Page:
To qualify for my second year working visa in Australia, I decided to spend 3 months living and working on a cattle station. Some might say I’m rather masochistic. After all, I haven’t eaten beef for 2 years. However, I firmly believe that it is important to witness things firsthand. I wasn’t directly involved with the cattle side of things, but the following account is from my experience as an observer. No doubt stations across the country differ, but I felt it necessary to shed light on this particular (unnamed) one.
Please be aware that some images might be distressing.
So let me point out the obvious: cattle agriculture is huge business . Not surprising then that 61% of Australia’s landmass is dedicated to this practise. Aus is the second largest beef exporter, with 60% of cattle ending up on dinner plates in the United States, Korea and Japan. From what I saw, the animals live and feed freely on pasture. The particular station I worked on was around 105,000 acres, with many others exceeding the million mark. Aside from the odd ‘lick’ – a nutrient supplement often used during drought – the bovines feed on natural grasses typical to the area. An average animal lives 6 years this way before being sold for around $600 to the meat industry. The manager of this station owns around 3,000 cattle.
During my first week I was introduced to the world of mustering: a mass gathering of all the cattle within a given paddock.
My vision of men on horseback letting out a high-pitched “yee-haa!” as they swing their lasso at a frightened cow was crushed; this, sadly, is now the 21st century. Four-wheel-drive power has replaced horses, dogs have become more reliable than rope, and men now scream down the two-way in a mumbling mess.
As for the adrenaline? That was still well and truly there, for both beast and man.
The situation looked like this: two four-wheelers at the rear, one dirt bike either side to keep the cattle together, one helicopter watching from above and a truck ready to set the dogs free should a heifer decide to run. Should a cow escape the group, the dogs chase down and hold her long enough for the men to rope all four legs together – she would stay laying like this until the rest were confined.
Once the cattle are together, they must be separated. The main aim is to get the calves (younger than 6 months) ready for branding. It is a legal requirement in Queensland to prove ownership, and for this particular station the hot-iron branding, ear marks and ear tags are used for each animal. Unsure of whether it is to limit time consumption, or prevent drawn-out animal suffering; all three branding methods are carried out at the same time. If you happen to be a young bull, you’ll also have to endure the removal of both testicles. The entire branding procedure is without anaesthetic.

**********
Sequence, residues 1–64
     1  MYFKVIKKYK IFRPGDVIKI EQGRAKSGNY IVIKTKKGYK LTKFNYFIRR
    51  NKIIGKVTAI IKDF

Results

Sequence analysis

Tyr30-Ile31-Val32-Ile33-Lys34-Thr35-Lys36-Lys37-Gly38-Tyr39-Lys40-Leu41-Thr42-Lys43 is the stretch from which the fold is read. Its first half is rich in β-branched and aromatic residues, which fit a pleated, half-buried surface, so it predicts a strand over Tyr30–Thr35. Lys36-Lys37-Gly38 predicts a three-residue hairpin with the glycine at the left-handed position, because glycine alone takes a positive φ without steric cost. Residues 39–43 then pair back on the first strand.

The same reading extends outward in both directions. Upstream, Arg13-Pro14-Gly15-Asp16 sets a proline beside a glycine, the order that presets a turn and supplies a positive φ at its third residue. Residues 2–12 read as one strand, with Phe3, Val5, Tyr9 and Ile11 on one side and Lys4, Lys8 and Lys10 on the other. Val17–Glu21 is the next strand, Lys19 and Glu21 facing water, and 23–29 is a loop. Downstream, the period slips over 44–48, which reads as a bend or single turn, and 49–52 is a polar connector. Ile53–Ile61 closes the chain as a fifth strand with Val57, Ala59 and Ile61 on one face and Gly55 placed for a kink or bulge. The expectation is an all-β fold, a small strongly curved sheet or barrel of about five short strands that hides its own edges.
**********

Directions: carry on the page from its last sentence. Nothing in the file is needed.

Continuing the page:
The entire mustering process takes between 3 and 5 days. During this time the stockmen stay together onsite. At this station, there was a small camp and it was my responsibility to keep the place clean and the men fed.
It is as sexist as it sounds.
Forget air conditioning and private rooms – this time is for nights under the stars in a swag.
When the animal is sufficiently fat, it is game over. Rather than trucks, this company use cattle trains to deliver to the coast. Each compartment is packed full with standing bovines. There is no overhead shelter, or enough room to lay down. This particular journey to the abattoir takes 24 hours. After that, I was told, 90% of the beef would end up in North America. It haunts me to repeat what I heard next; that these well looked-after animals would succumb to their owner’s greed for money. That they would become burger patties at McDonald’s.
From a personal stand point I cannot believe that this station owner cares for his animals. He showed signs of love – attention to detail, knowledge of one cow from another – but I soon understood that is was driven by the large money symbol above each animal’s head. When he learnt of his stock being hit by a car, he shrugged his shoulders. When young calves started showing signs of weakness, a bullet to the head sorted it out. Perhaps a sign that it is possible to have too much money.
As for the livelihood of the cattle; most of it was seemingly ideal. With no natural predators beside the dingo (shooting of which is a favourite pastime in the outback), huge amounts of space and little human interruption; these animals should consider themselves lucky. For me however, it was like they were living between a rock and a hard place.
Sure, the 6 years between branding and being killed to support one of the world’s largest (most destructive) organisations seems peachy. But personally, this short amount of time does not justify a means to an end anymore. I’m grateful that I had the chance to experience the cattle station. I’m thankful the animals aren’t confined to a concrete building. However I was also relieved of guilt, as I watched them pile on to the train, that I wouldn’t be consuming them further down the line.